When: January 28th (this Friday) Time: 9am - 4pm Where: The Daley Center, 50 W. Washington, 12th floor
Do not fear! If you cannot attend this month's Mobilization, this is an ongoing project of TJLP and will reoccur on the last Friday of every month with the next two mobilizations already on February 25th and March 25th. We send many thanks those with the financial means to donate to TJLP and help make this event possible.
If you have any questions regarding the Name Change Mobilization or know of anyone that would like to participate by either getting their name legally changed or by volunteering to help folks change their names legally, please let us know! Our contact information for the event is firstname.lastname@example.org, 773-272-1822 (phone/text). Please see attached posters for our first mobilization in both Spanish and English.
We've all seen the terrible blogs, those that bash women, sexualize them, make them seem like objects, and promote rape culture. We all know, and most who are not part of the feminist blogosphere usually can tell right away, that these type of blogs are bad.
But when I ran across this blog, with that terribly triggering image suggesting eating is pathetic, how is one who's not trained to spot such damaging content to recognize their being fooled, tricked, manipulated into hating their own bodies?
In the blog's "about" section, it mentions this blog is for "thinspiration".. meaning it's a pro-ana, or pro-anorexia /eating disorder website that works to support those with eating disorders by posting pictures of skinny models- someone's motivation to be skinny.
If one were to run across this blog and he/she is recovering, suffering, or has suffered from an eating disorder, the trigger from this image in particular and the overall content and language of that blog is immediate. Bad feelings of low self esteem come rushing back and the urge to revert to old habits reemerge.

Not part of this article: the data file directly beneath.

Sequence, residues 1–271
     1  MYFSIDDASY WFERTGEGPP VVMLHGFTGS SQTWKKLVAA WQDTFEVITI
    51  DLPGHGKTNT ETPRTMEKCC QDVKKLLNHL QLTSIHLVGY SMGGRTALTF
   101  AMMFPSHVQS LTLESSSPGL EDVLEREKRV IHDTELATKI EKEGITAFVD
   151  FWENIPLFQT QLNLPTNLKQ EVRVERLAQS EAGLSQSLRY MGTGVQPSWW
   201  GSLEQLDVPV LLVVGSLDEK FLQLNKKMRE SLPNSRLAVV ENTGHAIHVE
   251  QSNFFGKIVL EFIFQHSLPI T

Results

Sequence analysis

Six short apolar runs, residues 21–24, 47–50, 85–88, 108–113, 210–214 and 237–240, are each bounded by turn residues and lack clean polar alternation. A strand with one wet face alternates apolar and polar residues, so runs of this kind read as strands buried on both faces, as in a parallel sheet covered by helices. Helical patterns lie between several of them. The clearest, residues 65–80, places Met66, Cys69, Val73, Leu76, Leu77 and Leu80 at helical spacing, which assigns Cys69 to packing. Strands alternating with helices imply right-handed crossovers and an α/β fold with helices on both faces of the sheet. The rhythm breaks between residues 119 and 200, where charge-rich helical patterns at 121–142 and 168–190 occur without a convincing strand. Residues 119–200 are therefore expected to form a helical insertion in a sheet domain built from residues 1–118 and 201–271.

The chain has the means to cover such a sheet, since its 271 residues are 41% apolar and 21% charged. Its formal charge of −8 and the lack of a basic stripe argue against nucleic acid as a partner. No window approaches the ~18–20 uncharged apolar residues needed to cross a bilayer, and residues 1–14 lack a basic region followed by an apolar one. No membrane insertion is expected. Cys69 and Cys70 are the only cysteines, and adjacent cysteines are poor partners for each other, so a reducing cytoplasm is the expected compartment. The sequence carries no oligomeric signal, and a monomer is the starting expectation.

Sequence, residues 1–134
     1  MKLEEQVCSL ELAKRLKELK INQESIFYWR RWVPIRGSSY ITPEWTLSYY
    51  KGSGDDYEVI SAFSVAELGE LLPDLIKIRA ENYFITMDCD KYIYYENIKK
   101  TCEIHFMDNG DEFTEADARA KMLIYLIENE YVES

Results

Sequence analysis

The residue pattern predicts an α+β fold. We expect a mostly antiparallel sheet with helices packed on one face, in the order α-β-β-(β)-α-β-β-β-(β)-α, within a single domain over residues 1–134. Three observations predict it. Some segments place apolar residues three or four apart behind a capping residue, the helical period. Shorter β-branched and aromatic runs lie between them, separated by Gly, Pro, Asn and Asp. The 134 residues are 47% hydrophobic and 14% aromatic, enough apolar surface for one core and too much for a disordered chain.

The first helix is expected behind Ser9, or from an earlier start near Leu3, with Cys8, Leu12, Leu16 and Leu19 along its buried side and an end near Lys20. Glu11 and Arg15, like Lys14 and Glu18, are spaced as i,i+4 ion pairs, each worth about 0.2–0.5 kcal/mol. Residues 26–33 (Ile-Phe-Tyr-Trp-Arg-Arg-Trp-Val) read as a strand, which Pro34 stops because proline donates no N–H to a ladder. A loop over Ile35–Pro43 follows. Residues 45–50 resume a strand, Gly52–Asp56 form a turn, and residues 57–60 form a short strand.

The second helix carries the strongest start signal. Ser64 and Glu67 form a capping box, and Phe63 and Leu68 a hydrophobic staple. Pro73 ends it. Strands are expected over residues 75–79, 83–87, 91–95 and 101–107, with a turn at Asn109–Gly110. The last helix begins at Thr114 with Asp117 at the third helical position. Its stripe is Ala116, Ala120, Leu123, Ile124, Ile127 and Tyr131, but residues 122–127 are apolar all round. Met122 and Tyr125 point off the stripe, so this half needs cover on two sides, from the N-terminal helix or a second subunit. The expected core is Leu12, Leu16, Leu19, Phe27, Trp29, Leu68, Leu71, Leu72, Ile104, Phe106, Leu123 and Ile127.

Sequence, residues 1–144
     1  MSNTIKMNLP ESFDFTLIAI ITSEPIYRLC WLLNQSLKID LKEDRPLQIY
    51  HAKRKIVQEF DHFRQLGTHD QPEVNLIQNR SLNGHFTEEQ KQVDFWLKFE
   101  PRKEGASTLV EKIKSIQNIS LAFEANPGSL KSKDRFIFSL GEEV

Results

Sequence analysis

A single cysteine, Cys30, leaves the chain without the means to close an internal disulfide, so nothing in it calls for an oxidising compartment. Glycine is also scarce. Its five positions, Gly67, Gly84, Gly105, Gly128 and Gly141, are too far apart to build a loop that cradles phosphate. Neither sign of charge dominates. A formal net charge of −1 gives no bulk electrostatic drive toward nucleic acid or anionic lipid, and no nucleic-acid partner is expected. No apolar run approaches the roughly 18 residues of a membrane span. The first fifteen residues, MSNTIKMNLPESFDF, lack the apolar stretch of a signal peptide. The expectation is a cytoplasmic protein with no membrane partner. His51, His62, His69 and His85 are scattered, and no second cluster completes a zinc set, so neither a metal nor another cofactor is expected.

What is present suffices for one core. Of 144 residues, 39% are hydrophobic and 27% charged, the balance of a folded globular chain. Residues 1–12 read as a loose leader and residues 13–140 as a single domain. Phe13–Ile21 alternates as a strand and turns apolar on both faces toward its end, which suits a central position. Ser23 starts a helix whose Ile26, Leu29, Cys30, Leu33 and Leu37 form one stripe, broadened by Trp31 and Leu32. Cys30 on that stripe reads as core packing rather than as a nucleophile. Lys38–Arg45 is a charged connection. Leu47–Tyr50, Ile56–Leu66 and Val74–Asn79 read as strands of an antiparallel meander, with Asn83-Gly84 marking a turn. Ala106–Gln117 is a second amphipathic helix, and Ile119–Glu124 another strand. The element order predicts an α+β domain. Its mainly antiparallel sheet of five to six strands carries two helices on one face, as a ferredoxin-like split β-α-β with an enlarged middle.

There is no trigger warning or disclaimer before one enters this site, therefor, anyone perusing the net can stumble upon this tumblr blog (no pun intended) and be persuaded to think :
a) this picture, the depiction of that woman and the entire blog are normal.
b) "skinny" is better than "fat"
c) the picture of this model is untouched and un-photoshopped (which is undoubtedly is )
d) perpetuating the myth of skinny equals beauty is normal and glamorous
All of these issues are those which many advocates against negative portrayals of women in the media write/blog/work against. In this, it is sad that this young woman that presumably runs this blog is so careless in her attempt at achieving her ideal , and a reflection of society at large, of beauty.
To me, this is an opportunity to report the blog to someone or a group that can help. It isn't so much as willfully hateful, rather, the blog is sexist and harmful in a more ignorant and unintentional way. The young women certainly deserves her right to say and type what she wants, yet she seems as if she doesn't really know the damage her blog can do.
So, in this case, report to tumblr, request a disclaimer and hope that real guidance and help is offered to this young woman and anyone else who runs a blog such as the one I've linked.